Skip to main content

Chinese automaker GAC Motor moves closer to a U.S. launch

After displaying three models at the 2017 Detroit Auto Show, China’s GAC Motor will return to the heart of America’s car industry for the second year in a row. GAC, which sells cars in China under the Trumpchi and Gonow brands, will bring a new electric car concept as well as two of its existing models as the company prepares to enter the U.S. market in 2019.

One of the cars GAC is expected to bring to the 2018 Detroit Auto Show is its GA8 luxury sedan (pictured above). It’s about as long as a Genesis G80 or Volvo S90, but the only available engine is a 2.0-liter turbocharged four-cylinder unit that produces just 198 horsepower. GAC will likely need a more powerful option to compete in the U.S. On the other hand, the GA8 sports an in-car refrigerator, something you’d normally expect to find on a Rolls-Royce or Bentley.

GAC is also expected to bring its GM8 minivan to Detroit. With just four real minivans — the Chrysler Pacifica, Honda Odyssey, Kia Sedona, and Toyota Sienna — currently sold in the U.S., this segment could use a new competitor. But a Chinese firm most Americans have never heard of probably isn’t the brand to make minivans popular again. The third vehicle appearing in Detroit is an electric car concept, which GAC hasn’t released any details on.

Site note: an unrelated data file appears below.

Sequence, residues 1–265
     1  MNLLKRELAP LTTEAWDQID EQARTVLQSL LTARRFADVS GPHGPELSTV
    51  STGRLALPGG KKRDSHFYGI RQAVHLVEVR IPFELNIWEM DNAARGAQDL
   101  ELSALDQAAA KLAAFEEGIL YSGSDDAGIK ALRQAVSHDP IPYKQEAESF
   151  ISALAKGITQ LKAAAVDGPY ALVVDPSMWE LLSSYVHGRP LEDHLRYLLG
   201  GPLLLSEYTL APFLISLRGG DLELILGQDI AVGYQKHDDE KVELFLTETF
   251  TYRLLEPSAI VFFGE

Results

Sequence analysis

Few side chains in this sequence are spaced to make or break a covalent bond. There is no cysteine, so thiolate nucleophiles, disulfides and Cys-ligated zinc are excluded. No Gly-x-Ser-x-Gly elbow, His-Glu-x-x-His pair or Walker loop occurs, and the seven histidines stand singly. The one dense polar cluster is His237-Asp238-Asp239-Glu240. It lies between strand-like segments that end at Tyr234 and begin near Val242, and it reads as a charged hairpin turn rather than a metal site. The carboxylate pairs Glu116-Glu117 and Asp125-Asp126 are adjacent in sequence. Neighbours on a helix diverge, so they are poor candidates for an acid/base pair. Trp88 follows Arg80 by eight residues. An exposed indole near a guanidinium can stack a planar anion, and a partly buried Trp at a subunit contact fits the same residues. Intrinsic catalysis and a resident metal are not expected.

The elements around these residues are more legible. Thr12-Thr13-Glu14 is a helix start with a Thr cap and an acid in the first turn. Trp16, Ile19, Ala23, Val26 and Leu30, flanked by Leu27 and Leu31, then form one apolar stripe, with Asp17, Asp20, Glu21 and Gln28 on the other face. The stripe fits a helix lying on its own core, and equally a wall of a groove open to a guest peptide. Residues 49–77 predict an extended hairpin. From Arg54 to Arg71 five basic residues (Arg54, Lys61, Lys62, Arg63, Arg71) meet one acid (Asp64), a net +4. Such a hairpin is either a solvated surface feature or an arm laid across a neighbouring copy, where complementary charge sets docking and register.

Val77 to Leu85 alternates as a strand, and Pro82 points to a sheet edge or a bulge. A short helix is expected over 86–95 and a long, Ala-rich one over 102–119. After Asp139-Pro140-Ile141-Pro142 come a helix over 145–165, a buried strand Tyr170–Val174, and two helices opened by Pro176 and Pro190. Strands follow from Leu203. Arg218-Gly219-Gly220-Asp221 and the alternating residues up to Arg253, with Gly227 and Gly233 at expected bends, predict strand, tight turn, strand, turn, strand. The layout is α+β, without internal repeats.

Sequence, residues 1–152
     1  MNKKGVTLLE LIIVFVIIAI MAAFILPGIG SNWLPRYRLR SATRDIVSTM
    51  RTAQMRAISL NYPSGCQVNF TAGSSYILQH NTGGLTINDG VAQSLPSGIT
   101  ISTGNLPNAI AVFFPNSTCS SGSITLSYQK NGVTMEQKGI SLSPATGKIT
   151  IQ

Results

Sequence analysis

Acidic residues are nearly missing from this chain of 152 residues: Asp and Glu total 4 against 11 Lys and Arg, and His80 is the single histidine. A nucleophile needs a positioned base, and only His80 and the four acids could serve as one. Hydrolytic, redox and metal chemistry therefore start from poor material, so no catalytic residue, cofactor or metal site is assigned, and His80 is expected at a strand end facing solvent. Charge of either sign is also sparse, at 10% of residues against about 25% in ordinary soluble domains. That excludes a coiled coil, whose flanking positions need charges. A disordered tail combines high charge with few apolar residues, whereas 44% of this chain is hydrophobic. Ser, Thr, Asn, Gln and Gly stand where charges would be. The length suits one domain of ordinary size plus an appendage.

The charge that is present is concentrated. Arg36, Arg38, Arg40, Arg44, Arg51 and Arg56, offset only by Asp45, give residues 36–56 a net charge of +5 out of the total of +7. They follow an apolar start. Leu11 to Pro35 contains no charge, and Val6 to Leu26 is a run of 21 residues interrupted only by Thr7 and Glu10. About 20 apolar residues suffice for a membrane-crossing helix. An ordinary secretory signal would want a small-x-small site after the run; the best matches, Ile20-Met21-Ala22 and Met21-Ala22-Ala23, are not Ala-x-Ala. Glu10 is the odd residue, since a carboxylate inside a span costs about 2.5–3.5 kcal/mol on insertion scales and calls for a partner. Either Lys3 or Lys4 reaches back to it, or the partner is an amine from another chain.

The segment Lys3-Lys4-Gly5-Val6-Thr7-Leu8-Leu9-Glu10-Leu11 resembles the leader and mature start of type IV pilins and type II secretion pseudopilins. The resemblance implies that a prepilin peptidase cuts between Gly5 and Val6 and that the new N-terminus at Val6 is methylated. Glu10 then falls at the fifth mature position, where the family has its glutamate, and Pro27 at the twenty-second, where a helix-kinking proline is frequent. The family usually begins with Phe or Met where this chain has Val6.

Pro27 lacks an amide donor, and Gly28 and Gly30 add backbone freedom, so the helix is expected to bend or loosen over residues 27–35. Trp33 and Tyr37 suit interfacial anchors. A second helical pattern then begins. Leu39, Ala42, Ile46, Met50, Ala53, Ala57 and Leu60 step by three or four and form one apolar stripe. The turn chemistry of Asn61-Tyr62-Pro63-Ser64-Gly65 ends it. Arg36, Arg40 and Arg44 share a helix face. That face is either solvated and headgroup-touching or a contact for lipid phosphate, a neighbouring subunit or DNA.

GAC announced in November that it would begin exporting cars from its Trumpchi brand to the U.S. in 2019, although it may change the brand name because of its similarity with President Donald Trump’s surname, according to The New York Times. The first GAC vehicle sold in the U.S. will be the GS8, a big SUV the automaker brought to the 2017 Detroit Auto Show.

If GAC follows through with its plans, it will be the first Chinese automotive brand to sell cars here. Cars that are made in China, including the Buick Envision and Cadillac CT6 Plug-In Hybrid, are currently sold in the U.S., but they’re all the products of non-Chinese automakers. GAC and other Chinese firms have been trying to crack the U.S. market for years, but skepticism about the quality of their cars and other factors have prevented that from happening.

Editors' Recommendations